Displacement Control Setting on the SDS Sphere's 'Special' Tab .  
     Pulldown Menu  
     Assuming you've downloaded the project file   (  , decompresssed and loaded it , all you have to do to see a few humble examples of simple displacement mapping is just do what the above screenshot suggests . That is , click on the default mapping (in the "Select Window") and observe how RS magically presents a new menu "Material" above , and how that menu is also a drop-down menu featuring many other materials that you can simply select and then just hit the render button , with totally different results . What could be easier ?  
     Example 2  
      Easy, Eh ? Just select a new Material and Render , with totally new and perhaps unexpected results . Carry on rendering away while you grab a Budweiser .  
     Too easy ? Well , maybe we could delve deeper and actually explore the Material that lies beneath , but above the actual VSL code of Karl's . To do that we'll just click on the second icon , or tab along the top of the Select Window (Flyover help indicates "Materials") .  
     Customised Material Page  
     *** note : the above screenshot may not resemble the Material Tab that you are used to looking at on your monitor . The default settings are great for presenting the many , many materials available to any user , but if you would like to know how to adjust your Material Preview , surf this way to a Robert Den Broeder/Garry Curtis collaboration-tutorial on customising this Tab using the many many options available . Customising your Material Previews   
     Now , before we switch to the Material Tab make sure that the default mapping is selected on the first page in the 'Select Window' (flyover help says Geometric Objects) . That way , whenever you click on the Materials Tab you will notice that the list of materials available can still be chosen using the pulldown menu at top . This feauture will now come in handy as we start to explore the actual parameters of each one of these slightly different "Planet" materials . Thanks again to Karl for giving us a nice GUI interface with many sliders to manipulate .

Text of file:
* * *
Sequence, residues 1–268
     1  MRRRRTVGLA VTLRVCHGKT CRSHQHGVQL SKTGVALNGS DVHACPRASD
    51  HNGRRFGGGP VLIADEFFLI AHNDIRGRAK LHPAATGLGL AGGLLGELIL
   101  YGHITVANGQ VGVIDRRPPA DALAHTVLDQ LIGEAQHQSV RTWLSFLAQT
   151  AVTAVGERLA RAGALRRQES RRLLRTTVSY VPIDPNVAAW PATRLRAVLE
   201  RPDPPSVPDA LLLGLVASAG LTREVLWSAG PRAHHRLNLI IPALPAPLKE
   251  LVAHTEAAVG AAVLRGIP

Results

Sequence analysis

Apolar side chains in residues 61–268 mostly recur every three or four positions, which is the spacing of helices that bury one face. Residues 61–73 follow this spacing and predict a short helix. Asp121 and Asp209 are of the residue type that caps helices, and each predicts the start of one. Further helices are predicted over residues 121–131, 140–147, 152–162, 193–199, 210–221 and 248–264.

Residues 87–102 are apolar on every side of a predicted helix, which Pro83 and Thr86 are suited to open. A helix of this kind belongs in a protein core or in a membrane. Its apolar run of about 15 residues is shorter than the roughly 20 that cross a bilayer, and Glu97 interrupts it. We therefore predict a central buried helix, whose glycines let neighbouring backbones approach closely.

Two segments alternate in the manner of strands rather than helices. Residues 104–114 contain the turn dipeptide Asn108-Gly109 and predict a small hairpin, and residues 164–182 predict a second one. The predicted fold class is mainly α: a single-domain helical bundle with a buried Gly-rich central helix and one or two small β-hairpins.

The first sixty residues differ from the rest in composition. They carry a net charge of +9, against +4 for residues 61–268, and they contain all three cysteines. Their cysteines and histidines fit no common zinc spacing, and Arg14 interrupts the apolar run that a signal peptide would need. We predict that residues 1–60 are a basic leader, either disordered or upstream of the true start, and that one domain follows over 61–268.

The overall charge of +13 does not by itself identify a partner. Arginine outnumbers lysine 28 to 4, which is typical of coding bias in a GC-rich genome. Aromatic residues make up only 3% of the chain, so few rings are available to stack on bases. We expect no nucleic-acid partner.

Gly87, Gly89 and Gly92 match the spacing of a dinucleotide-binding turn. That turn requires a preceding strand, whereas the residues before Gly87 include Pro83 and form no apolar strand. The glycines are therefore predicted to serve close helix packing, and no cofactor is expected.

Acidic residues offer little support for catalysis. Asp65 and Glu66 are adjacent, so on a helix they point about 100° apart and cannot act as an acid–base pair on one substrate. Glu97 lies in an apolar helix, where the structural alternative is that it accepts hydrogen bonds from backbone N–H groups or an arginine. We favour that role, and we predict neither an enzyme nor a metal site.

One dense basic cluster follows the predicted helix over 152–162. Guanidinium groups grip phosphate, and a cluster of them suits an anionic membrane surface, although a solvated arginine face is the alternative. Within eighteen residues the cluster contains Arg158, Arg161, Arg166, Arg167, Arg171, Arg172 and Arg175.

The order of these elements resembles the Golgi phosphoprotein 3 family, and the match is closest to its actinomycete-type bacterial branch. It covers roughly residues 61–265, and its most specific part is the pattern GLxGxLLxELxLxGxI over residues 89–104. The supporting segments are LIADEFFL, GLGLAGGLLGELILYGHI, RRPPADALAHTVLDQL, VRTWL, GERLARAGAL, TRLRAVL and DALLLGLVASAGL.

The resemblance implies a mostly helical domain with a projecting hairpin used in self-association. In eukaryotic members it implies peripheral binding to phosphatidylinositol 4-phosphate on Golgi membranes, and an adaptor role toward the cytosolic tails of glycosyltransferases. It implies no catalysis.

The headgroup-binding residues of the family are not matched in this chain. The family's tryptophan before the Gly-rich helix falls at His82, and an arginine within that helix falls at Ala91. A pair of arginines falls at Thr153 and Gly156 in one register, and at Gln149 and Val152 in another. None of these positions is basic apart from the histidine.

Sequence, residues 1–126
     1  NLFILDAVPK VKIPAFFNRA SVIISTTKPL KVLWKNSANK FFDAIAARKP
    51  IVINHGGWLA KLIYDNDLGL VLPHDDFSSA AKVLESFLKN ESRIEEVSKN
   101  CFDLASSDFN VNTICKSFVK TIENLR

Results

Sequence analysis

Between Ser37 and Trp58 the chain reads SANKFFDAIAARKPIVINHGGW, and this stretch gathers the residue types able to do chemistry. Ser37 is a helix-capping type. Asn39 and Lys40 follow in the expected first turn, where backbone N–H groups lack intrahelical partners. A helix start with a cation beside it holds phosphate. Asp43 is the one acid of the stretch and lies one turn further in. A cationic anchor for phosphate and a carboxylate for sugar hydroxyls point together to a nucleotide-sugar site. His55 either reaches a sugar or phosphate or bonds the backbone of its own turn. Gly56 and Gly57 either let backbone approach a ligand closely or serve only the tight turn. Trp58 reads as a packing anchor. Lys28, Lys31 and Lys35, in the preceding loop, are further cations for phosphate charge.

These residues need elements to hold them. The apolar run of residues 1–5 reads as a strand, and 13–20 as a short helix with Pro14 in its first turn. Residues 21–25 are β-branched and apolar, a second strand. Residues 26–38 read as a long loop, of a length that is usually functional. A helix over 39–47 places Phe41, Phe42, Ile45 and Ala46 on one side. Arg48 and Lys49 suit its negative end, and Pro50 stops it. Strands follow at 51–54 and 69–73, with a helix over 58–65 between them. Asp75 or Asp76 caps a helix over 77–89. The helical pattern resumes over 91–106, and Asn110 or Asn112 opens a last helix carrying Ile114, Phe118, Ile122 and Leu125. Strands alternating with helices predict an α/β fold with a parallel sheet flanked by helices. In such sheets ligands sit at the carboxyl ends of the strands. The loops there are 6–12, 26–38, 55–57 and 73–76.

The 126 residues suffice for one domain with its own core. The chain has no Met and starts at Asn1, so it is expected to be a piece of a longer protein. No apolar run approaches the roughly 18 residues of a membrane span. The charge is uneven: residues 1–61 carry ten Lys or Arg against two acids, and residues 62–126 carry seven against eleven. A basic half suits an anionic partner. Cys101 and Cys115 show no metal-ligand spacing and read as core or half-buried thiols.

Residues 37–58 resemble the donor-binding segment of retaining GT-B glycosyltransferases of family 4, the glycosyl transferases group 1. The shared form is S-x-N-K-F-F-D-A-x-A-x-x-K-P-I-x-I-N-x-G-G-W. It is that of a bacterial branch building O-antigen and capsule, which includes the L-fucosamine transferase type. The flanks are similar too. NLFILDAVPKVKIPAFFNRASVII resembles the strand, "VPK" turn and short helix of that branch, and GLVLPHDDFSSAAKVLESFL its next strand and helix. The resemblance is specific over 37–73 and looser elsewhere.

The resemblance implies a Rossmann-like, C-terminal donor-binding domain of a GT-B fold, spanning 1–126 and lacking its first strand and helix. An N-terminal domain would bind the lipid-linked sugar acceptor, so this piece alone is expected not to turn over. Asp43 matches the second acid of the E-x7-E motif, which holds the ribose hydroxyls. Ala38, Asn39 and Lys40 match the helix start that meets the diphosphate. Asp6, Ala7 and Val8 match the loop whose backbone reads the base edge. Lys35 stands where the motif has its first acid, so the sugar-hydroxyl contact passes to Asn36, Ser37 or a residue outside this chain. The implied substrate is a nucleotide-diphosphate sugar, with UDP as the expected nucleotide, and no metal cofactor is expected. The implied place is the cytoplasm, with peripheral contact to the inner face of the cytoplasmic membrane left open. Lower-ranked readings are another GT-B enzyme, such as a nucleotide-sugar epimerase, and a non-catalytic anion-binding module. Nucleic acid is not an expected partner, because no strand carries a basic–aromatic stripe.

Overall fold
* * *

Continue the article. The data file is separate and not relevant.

Material Property Window Opened  
      Above we see a new Window (Material Property Window) opened to reveal KRP's Noise Control Panel . To get to this point just double click on any one of the VSL Materials (at left) to open it's Properties window , then simply click on the 'Preview' box at it's very top-left and you will see a new preview pane open on that window . You may not notice it but RS is actually rendering that material preview (it's not just a snapshot) . You'll notice that I have a nice big Preview of that material on this window as well , but if it's too big for your machine , surf on over to Roberts tutorial linked above to customise it .  
      Well , it may seem like we're just getting going , but I'm afraid this is where I leave you . I won't go into exploring this Noise Material's huge panel , but will let you do so on your own . There isn't any documentation regarding this material (except Karl's Readme.txt linked above) so now it's up to you to just try this-and-that and see what you can come up with . That's exactly what I did to come up with the dozen of included moons and asteriods and planetary materials in just one evening . I have included a large readme.txt file in the Project's .zip however , with some tips and comments .  Projects Readme.txt  
      I know you can easily come up with much more elaborate and interesting creations of your own . Hopefully this simple tutorial will help you to get started . Cheers !
  Garry Curtis